Questions and answers

The employment law team at Addleshaw Booth & Co answer questions on
workplace issues

Maternity leave

Q:  One of my staff is about
to start her maternity leave, and I am unsure what terms and conditions apply
during this period. In particular, is she entitled to accrue holidays under the
Working Time Regulations during her maternity leave?

A:  Throughout the 18-week
ordinary maternity leave period, women are entitled to the benefit of their
normal terms and conditions of employment, except for terms relating to
remuneration (which in this context means the money element of normal wages or
salary will not be due, but most women will be entitled to Statutory Maternity
Pay or Maternity Allowance for this period). On the other hand, women taking
additional maternity leave are entitled to only a handful of terms and
conditions of employment during this period unless the contract provides
otherwise. These include the employer’s implied obligation of trust and
confidence and any terms and conditions relating to notice of termination,
compensation in the event of redundancy and disciplinary and grievance
procedures.

During ordinary maternity leave, paid annual leave (both contractual and
statutory – four weeks’ paid leave – under the Working Time Regulations) will
continue to accrue. As for the additional maternity leave period, statutory
leave continues to accrue, but contractual holiday rights will accrue only if
there is express provision in the contract.

Katie Jackson-Turner

Part-timers

Q:  We run a company and
employ a mix of full-time and part-time staff. We provide all our staff with
enhanced contractual holiday entitlement and we have generous policies covering
maternity leave, parental leave and time off for dependants. What is the new
part-time work legislation, and will it have any impact on us?

A:  The new legislation, which
came into force on 1 July, is the Part-time Workers (Less Favourable Treatment)
Regulations 2000 ("the regulations"). It makes it unlawful for you to
treat your part-timers less favourably than comparable full-timers, unless you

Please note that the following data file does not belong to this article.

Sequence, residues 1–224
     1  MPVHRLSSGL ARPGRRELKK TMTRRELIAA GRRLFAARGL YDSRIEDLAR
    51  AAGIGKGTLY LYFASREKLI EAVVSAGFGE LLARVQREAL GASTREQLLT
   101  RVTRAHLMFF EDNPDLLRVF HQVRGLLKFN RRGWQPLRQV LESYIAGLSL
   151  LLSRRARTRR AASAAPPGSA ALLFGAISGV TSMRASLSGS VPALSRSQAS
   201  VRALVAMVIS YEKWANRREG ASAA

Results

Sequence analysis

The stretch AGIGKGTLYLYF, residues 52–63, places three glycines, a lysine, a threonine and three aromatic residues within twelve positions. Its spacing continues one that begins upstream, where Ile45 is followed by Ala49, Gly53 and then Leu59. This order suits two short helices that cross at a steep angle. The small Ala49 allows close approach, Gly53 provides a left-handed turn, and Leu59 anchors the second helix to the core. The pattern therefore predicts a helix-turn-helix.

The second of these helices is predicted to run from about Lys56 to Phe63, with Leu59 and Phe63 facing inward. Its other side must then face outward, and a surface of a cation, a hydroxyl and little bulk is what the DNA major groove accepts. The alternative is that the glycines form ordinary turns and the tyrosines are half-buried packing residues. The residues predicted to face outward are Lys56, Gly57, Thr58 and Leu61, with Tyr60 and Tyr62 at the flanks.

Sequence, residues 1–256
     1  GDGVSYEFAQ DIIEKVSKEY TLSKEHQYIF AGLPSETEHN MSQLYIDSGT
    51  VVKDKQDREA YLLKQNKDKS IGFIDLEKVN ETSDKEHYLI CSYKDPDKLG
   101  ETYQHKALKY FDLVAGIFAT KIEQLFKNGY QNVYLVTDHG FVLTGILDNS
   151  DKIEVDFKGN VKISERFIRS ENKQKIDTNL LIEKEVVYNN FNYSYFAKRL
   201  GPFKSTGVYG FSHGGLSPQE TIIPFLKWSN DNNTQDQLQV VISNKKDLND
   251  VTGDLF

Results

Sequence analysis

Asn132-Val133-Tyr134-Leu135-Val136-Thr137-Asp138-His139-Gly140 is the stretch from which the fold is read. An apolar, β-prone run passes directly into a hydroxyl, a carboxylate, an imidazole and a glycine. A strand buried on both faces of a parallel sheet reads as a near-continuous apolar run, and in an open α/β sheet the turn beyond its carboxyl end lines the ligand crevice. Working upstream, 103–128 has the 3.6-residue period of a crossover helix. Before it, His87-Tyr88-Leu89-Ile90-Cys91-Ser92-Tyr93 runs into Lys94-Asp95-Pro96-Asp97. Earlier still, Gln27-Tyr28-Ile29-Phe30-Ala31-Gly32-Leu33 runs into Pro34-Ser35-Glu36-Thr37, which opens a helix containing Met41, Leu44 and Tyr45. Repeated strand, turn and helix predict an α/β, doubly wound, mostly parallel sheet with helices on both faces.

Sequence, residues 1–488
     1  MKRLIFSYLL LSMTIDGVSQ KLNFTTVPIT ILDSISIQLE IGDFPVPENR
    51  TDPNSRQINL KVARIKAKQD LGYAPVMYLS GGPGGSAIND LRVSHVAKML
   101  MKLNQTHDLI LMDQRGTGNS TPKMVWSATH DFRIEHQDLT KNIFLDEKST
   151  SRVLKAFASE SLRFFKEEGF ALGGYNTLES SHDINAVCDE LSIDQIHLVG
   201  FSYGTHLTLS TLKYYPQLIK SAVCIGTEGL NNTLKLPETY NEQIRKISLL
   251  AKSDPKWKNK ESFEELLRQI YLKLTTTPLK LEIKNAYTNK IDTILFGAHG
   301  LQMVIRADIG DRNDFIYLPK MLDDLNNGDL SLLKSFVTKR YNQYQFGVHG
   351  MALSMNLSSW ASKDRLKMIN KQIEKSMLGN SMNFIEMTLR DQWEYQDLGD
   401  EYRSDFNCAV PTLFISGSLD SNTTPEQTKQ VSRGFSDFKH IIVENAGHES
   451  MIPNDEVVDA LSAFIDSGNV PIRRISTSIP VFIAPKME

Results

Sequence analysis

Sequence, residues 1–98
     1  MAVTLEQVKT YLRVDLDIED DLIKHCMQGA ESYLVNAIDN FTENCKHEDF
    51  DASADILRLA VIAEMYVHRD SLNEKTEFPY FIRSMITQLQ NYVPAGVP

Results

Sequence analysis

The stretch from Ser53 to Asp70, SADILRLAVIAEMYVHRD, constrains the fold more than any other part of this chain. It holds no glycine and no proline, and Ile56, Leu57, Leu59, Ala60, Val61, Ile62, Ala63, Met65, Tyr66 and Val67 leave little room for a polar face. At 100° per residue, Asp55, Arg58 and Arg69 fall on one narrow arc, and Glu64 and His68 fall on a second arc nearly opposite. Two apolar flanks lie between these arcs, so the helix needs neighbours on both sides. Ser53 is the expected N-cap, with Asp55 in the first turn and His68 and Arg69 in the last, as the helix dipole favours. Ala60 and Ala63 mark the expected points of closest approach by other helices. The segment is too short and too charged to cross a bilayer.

can justify different treatment on objective grounds.

Your part-timers, like their full-time colleagues, are entitled to a minimum
of statutory annual leave (on a pro-rata basis), maternity leave, parental
leave and time off for dependants.

However, companies like yours which extend these statutory entitlements with
enhanced contractual conditions must make sure that part-time staff have the
same entitlements as their full-time colleagues, on a pro-rata basis where
appropriate. The contractual holiday en- titlement, maternity leave and
parental leave of part-time staff should be pro rata to that of comparable
full-timers unless their exclusion can be objectively justified on grounds
other than their part-time status.

Simply providing enhanced rights is insufficient – you must ensure that in
so doing you do not treat your part-time staff less favourably than your
full-time staff.

Nikki Mifflin

Accompaniment at disciplinary and grievance hearings

Q:  I have a key member of
staff who is an active trade union member in the local area, and I am concerned
that she will frequently be asked to be a companion under the new rights to be
accompanied at disciplinary and grievance hearings. Can I prevent her from
accompanying workers employed elsewhere and refuse to pay her for this time
off?

A:  The new right for workers
to be accompanied at grievance and disciplinary hearings applies where the
worker is invited to attend a hearing being held after 4 September 2000.

Provided that the worker’s request for accompaniment is
"reasonable" workers will have the right to be accompanied by another
of the employer’s workers, an employed trade union official or a lay trade
union official.

Employers should therefore note that in order to accompany a worker at
another workplace the worker must be a lay trade union official and must be
certified by the union as having experience or training in accompaniment.

Unfortunately, it is not clear whether an employer can restrict paid time
off available to lay trade union officials to accompany their own workers and
prevent them from accompanying workers at another workplace.

The new Acas code of practice on disciplinary practice and procedures in
employment states that lay trade union officials are permitted to take paid
time off only to accompany a worker at their own work place.

The statutory provisions, on the other hand, would seem to suggest that paid
time off should be allowed, as workers are protected from both dismissal and
detriment in employment for accompanying other employers’ workers. There is